The Mediterranean diet and heart health

Perhaps the most well-known trial illustrating cardiovascular benefits of the Mediterranean diet is the 2013 PREDIMED study, a parallel-group, multicenter, randomized trial. (4) Since that time, many studies have confirmed the cardiovascular benefit of the Mediterranean-style diet. In fact, in 2018, the same authors of the original PREDIMED trial conducted another multicenter study involving individuals at high risk of heart disease that was published in The New England Journal of Medicine. They found that a Mediterranean diet supplemented with extra-virgin olive oil and nuts significantly reduced the risk of cardiovascular events. (5)

Mediterranean diet for immunity and inflammation

Healthy immunity and inflammation are also sweet spots for this diet. The Mediterranean diet has been shown to help protect against many cancers and other chronic immune and inflammatory issues. (6) The authors of a 2014 review published in the journal Endocrine, Metabolic & Immune Disorders concluded that the Mediterranean diet has “an intense anti-inflammatory effect.” (7)

Balance blood sugar levels with the Mediterranean diet

The Mediterranean diet can even help balance blood sugar levels. In fact, according to a 2015 systematic review and meta-analysis published in the journal Public Health Nutrition “Greater adherence to the MedDiet is associated with a significant reduction in the risk of diabetes.” (8)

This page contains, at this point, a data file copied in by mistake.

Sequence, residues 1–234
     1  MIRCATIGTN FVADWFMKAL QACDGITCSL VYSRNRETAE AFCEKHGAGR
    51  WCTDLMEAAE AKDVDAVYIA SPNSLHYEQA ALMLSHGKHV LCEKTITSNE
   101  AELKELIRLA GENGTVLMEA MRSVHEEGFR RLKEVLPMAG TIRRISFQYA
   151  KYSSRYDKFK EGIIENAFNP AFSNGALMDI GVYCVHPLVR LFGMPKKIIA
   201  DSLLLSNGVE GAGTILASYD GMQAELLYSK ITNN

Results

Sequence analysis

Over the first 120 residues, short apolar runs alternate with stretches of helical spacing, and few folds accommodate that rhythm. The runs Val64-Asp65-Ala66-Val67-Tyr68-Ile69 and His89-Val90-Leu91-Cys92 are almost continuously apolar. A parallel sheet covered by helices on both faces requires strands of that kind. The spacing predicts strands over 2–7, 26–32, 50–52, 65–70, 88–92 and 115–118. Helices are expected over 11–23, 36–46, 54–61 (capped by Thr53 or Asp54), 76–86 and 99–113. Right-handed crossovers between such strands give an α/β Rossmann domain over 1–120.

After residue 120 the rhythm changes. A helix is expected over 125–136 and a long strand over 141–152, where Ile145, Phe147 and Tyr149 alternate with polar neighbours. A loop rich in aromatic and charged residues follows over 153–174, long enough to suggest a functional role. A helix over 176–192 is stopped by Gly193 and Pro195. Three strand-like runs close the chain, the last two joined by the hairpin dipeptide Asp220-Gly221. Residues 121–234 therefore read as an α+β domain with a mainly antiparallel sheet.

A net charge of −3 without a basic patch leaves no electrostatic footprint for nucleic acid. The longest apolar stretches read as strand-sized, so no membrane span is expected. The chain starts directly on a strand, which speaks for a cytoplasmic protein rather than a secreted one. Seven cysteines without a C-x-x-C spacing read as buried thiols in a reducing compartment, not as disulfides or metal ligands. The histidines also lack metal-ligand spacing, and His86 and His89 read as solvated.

two people stretching their legs before exercising

Not only is the Mediterranean diet tasty, but it is also one of the healthiest in the world. It benefits your heart, brain, immunity and even your bones!

Mediterranean diet and bone health

What about bones? The Mediterranean diet has been shown to benefit the entire skeletal system, to really strengthen bones! A 2019 cross-sectional study published in the journal Climacteric involving healthy postmenopausal women showed that bone mineral density at the lumbar spine and appendicular lean mass index (ALMI) were positively associated with the Mediterranean diet. (9)

Mediterranean diet and weight loss

The Mediterranean diet can contribute to weight loss and helping patients maintain healthy body weight. According to the 2018 EPIC-Italy cohort study that was published in the journal Nutrition & Diabetes, the Mediterranean diet not only helped prevent weight gain, it also helped reduce the risk of abdominal obesity. (10)

a man and a woman talking over salad

The one reason for the wild popularity of the MedDiet is that there is no one reason: there are many! From your head to your toe, the Mediterranean diet has you covered.

The bottom line